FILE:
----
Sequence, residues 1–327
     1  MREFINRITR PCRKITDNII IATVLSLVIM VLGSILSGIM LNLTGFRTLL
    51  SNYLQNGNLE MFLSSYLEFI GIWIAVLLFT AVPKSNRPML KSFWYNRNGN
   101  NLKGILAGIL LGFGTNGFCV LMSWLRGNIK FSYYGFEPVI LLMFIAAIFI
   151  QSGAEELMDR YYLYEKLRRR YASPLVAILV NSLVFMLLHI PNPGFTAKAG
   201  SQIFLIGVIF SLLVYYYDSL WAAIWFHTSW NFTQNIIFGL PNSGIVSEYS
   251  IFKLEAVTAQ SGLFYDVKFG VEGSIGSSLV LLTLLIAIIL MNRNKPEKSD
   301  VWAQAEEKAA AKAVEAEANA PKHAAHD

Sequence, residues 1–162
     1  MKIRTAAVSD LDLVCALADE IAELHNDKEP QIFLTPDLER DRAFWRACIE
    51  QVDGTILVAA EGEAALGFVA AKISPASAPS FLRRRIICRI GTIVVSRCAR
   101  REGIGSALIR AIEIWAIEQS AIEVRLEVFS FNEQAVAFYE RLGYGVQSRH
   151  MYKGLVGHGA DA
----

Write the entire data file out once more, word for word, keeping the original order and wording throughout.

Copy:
Sequence, residues 1–327
     1  MREFINRITR PCRKITDNII IATVLSLVIM VLGSILSGIM LNLTGFRTLL
    51  SNYLQNGNLE MFLSSYLEFI GIWIAVLLFT AVPKSNRPML KSFWYNRNGN
   101  NLKGILAGIL LGFGTNGFCV LMSWLRGNIK FSYYGFEPVI LLMFIAAIFI
   151  QSGAEELMDR YYLYEKLRRR YASPLVAILV NSLVFMLLHI PNPGFTAKAG
   201  SQIFLIGVIF SLLVYYYDSL WAAIWFHTSW NFTQNIIFGL PNSGIVSEYS
   251  IFKLEAVTAQ SGLFYDVKFG VEGSIGSSLV LLTLLIAIIL MNRNKPEKSD
   301  VWAQAEEKAA AKAVEAEANA PKHAAHD

Sequence, residues 1–162
     1  MKIRTAAVSD LDLVCALADE IAELHNDKEP QIFLTPDLER DRAFWRACIE
    51  QVDGTILVAA EGEAALGFVA AKISPASAPS FLRRRIICRI GTIVVSRCAR
   101  REGIGSALIR AIEIWAIEQS AIEVRLEVFS FNEQAVAFYE RLGYGVQSRH
   151  MYKGLVGHGA DA